Remote monitoring aims to prevent hospital readmissions, reduce treatment costs for rural Arizona heart failure patients.
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Qualcomm, Verizon Wireless, and wireless medical device maker Zephyr Technology are joining with the National Institutes of Health to help a hospital remotely monitor congestive heart failure (CHF) patients in large sections of sparsely populated Northern Arizona.
Flagstaff Medical Center in Flagstaff, Ariz., will employ home monitoring devices and smartphones to keep tabs on 50 patients that have been hospitalized with CHF or a related heart condition and are at high risk of readmission. Many of the candidates live on Native American reservations or in other rural areas that may not have landlines, running water, or reliable electricity, according to Gigi Sorenson, the hospital's director of telemedicine. Nor do they have easy access to ongoing care for their chronic diseases.
The Flagstaff program, called Care Beyond Walls and Wires, will provide wireless pulse oximeters, blood-pressure cuffs, and weight scales from Annapolis, Md.-based Zephyr Technology to participants in their homes. Some patients might also receive devices that measure respiration, skin temperature, posture, and physical activity.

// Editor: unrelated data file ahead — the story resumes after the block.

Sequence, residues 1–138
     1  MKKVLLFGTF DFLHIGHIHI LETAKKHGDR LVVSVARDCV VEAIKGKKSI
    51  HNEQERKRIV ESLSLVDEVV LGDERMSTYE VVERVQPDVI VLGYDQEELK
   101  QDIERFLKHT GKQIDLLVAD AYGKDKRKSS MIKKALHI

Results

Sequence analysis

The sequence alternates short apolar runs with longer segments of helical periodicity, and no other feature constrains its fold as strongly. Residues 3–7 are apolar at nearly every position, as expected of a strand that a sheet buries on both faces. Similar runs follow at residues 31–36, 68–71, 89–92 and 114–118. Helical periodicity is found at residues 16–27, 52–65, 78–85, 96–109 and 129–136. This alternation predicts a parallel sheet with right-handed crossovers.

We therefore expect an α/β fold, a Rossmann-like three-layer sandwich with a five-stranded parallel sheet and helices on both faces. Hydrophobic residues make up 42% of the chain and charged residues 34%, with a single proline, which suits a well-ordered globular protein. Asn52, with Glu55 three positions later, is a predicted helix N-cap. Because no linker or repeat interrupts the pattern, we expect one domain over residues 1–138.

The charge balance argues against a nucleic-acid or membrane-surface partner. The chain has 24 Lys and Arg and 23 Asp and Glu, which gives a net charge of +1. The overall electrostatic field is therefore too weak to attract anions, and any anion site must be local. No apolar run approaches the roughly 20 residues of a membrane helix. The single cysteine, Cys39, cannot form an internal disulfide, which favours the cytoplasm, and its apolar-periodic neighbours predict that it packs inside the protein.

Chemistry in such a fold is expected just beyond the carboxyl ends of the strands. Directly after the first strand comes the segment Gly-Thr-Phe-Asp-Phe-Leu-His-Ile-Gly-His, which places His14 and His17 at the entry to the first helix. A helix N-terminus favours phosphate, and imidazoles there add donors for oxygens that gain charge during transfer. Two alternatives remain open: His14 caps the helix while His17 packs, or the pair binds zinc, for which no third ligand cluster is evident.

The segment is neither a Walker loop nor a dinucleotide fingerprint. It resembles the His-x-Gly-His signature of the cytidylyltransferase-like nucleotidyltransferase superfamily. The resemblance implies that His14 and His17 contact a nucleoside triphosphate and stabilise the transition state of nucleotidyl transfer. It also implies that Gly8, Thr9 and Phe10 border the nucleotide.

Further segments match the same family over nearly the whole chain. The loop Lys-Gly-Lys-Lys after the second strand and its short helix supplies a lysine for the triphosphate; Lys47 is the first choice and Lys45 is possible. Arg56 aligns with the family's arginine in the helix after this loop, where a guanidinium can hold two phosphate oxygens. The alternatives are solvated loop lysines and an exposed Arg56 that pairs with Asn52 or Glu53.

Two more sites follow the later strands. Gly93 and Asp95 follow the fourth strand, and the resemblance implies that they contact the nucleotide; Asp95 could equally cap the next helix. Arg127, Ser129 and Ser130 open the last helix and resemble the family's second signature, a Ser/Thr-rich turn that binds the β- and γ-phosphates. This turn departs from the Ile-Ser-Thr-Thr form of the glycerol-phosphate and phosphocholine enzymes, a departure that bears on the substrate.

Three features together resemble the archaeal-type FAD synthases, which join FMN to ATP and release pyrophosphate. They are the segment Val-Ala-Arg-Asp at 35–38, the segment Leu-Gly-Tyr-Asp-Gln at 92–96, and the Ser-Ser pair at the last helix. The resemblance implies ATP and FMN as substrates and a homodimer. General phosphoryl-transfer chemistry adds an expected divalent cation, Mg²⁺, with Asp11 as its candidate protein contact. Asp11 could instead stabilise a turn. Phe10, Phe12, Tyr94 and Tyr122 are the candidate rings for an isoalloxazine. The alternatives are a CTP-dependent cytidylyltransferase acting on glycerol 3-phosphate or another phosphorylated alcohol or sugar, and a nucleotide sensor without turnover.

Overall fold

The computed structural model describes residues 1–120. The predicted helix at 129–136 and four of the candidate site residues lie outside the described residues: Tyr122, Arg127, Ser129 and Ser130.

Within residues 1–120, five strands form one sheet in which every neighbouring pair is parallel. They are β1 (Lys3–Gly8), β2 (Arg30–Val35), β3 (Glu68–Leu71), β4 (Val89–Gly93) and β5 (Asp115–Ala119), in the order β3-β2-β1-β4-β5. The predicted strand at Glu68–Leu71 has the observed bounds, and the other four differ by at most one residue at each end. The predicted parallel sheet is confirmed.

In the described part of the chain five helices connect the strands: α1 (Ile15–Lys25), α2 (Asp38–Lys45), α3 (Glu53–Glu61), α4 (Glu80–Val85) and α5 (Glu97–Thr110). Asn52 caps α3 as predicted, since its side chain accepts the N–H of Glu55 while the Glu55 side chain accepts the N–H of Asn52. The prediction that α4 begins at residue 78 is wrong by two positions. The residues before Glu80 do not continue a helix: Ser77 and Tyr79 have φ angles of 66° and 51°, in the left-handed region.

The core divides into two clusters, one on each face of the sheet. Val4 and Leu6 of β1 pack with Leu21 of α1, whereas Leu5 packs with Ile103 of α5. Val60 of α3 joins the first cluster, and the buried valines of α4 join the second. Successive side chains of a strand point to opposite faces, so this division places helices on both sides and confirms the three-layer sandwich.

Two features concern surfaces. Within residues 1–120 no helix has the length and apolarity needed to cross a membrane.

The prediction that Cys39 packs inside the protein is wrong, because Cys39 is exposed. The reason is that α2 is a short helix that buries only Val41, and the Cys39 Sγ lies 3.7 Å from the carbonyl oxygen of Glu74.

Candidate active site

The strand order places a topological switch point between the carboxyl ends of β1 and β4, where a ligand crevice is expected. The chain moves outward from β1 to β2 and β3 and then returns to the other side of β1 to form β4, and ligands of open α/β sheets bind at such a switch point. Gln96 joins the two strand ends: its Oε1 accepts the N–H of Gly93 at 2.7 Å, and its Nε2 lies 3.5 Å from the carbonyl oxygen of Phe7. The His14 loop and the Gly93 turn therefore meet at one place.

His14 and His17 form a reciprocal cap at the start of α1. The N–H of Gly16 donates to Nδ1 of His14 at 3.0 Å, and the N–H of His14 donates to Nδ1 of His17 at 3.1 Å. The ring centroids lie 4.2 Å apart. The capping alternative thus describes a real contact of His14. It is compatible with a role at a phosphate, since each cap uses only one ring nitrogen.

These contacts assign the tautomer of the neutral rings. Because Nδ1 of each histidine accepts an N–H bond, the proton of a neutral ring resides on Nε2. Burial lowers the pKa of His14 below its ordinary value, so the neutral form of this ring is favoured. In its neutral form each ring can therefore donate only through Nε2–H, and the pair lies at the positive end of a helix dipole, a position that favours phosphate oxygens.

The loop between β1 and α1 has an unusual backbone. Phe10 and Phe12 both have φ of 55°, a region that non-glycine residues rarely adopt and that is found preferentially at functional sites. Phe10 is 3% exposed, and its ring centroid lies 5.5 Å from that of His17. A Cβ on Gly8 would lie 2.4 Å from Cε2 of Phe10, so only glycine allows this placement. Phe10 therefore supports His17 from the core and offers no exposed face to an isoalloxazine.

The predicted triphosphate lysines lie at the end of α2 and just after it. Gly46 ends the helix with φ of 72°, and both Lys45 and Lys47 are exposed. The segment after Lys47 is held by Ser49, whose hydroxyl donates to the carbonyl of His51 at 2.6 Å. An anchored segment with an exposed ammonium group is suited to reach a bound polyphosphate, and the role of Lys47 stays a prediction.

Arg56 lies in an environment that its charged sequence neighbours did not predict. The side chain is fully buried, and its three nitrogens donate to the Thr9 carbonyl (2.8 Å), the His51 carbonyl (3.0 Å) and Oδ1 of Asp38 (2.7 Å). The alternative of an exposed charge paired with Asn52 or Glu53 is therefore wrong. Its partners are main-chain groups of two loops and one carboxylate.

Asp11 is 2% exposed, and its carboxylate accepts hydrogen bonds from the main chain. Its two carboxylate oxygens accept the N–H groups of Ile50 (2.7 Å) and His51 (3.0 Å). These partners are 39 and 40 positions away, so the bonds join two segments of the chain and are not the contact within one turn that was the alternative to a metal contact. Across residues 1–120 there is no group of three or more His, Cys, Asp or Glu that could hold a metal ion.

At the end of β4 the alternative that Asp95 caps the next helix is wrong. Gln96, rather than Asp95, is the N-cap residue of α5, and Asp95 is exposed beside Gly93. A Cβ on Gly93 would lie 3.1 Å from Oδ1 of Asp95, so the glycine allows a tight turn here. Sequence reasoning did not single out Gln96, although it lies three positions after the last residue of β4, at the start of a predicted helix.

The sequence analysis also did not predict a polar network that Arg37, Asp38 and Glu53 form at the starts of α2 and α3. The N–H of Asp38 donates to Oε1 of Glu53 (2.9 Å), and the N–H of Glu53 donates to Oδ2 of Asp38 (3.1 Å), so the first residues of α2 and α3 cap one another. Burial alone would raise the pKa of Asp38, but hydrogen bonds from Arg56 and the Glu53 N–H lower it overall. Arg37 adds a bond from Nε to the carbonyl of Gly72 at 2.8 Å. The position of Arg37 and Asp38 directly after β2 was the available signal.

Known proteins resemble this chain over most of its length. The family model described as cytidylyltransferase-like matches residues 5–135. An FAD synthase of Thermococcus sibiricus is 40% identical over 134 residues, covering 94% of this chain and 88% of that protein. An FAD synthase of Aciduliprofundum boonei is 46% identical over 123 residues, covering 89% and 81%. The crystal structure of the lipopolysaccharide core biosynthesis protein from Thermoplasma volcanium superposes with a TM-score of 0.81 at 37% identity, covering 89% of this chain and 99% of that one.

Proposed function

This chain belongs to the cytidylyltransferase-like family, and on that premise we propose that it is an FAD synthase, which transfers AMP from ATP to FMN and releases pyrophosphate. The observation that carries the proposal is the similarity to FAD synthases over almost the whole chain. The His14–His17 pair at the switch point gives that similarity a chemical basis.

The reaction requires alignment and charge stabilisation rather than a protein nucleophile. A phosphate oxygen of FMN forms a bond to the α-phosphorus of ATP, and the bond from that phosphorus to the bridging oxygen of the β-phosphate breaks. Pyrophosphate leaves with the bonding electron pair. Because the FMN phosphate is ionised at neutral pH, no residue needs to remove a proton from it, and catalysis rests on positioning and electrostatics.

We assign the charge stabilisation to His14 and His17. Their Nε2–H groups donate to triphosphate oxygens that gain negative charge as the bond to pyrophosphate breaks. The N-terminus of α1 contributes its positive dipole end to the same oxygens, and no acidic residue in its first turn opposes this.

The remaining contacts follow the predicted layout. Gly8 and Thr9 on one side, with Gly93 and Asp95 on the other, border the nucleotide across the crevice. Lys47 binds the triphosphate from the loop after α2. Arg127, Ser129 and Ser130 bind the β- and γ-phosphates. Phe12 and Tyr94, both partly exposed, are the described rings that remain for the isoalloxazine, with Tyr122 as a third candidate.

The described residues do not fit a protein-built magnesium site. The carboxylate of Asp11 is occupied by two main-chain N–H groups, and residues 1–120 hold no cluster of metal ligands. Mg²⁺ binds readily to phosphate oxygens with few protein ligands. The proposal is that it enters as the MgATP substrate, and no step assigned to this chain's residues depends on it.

All will be given Motorola Droid X smartphones with 3G mobile connectivity on the Verizon network. The phones will be loaded with a mobile application to help patients collect data from the monitoring devices and then upload the readings to the hospital.
Sorenson told InformationWeek Healthcare that Flagstaff Medical Center enrolled the first participant a week ago. It took that individual 4.5 minutes to download and forward data from his monitors the first time he tried. "Today, it took him one minute," Sorenson said a few days later.
Participants are expected to send readings daily for three to six months following discharge from the hospital. Flagstaff has hired a nurse manager to track the patients and assist them with their care. This will include helping patients stay on prescribed medications and providing fast response if data indicate a decline in someone's health.
The telehealth technology is meant to reduce unnecessary physician visits, a major issue when the patient lives far from the nearest doctor and lacks reliable transportation options. Early intervention also can prevent hospital readmissions, a growing concern since Medicare will stop reimbursing for certain preventable readmissions beginning in October 2012, based on data that hospitals already are reporting.
The hospital will be working with primary care physicians to identify the rest of the 50 patients. Sorenson said that the hospital will be able to export the data it receives from Care Beyond Walls and Wires participants to doctors that have electronic health records.
Qualcomm, through its Wireless Reach program that supports connectivity projects in underserved communities, initiated the project and is providing technical expertise and much of the funding for the yearlong trial. "Qualcomm came to us," Sorensen said.
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